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Study: Hollywood sentimental films
The Independent ↑
Mike Caro says:
Of course Hollywood films predominantly promote liberalism. But that’s not the point. We all have liberal feelings. And conservative ones. Reading Steinbeck’s Grapes of Wrath will likely influence you more toward liberal views, and you may be more likely to vote that way immediately after reading it. You’ll cheer for the downtrodden.
But my conservative friends seem to find it difficult seeing the truth. We aren’t conservative or liberal. We are battling within ourselves, our compassion against our logic. Sometimes compassion and logic walk hand-in-hand; often not. Each of us fights this battle. It’s only how we focus and which dominates more often that defines our apparent liberal or conservative natures. Overall, we’re the same.
Labels are sad things. Movies (and art in general) tends to be emotional, not logical. The problem is that Hollywood has collectively decided to marry our caring about fictional characters to liberal causes. And liberal outlook in film is fine. We need that. We need movies about poor people who are invisible to cold-hearted businessmen. But we also need movies about unsuccessful people who are villains against conservatives who stand up against them. It’s all part of life.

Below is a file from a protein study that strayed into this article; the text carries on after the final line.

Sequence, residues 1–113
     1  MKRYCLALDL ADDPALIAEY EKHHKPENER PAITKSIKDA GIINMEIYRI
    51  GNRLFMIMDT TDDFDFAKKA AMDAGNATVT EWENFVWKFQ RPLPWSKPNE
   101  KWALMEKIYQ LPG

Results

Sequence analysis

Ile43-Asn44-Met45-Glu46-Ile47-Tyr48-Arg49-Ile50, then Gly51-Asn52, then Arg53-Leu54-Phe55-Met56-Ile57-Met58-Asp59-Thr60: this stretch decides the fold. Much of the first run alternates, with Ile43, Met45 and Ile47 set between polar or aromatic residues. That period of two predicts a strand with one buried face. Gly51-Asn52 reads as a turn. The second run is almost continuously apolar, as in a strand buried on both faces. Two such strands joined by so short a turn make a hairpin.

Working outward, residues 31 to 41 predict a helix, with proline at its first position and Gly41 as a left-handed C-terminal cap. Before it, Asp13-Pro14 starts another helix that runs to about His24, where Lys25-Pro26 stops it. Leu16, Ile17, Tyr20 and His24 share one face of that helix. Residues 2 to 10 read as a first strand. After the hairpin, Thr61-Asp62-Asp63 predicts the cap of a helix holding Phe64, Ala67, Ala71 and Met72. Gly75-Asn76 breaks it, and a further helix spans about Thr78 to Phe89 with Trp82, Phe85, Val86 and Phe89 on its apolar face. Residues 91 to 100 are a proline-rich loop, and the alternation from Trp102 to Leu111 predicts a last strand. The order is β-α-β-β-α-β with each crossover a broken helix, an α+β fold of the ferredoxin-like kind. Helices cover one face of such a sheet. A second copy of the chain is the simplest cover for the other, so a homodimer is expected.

So, yes, Hollywood sneaks liberal messages awkwardly into movies. Duh! The question is, how did movies get to be one-sided. This study shows that people are more likely to be in touch with their liberal sides after watching sentimental movies. But that’s really a reflection on the type of sentiment broadcast by the movie itself. Compassion can be a positive guiding force, but it can also be a terrible addiction. If logic triumphs over misguided compassion in a film, the audience will more likely leave the theater feeling good about being reasonable, rather identifying with artificial victims. That message can be art, also. But you don’t see it. And that’s a shame. — MC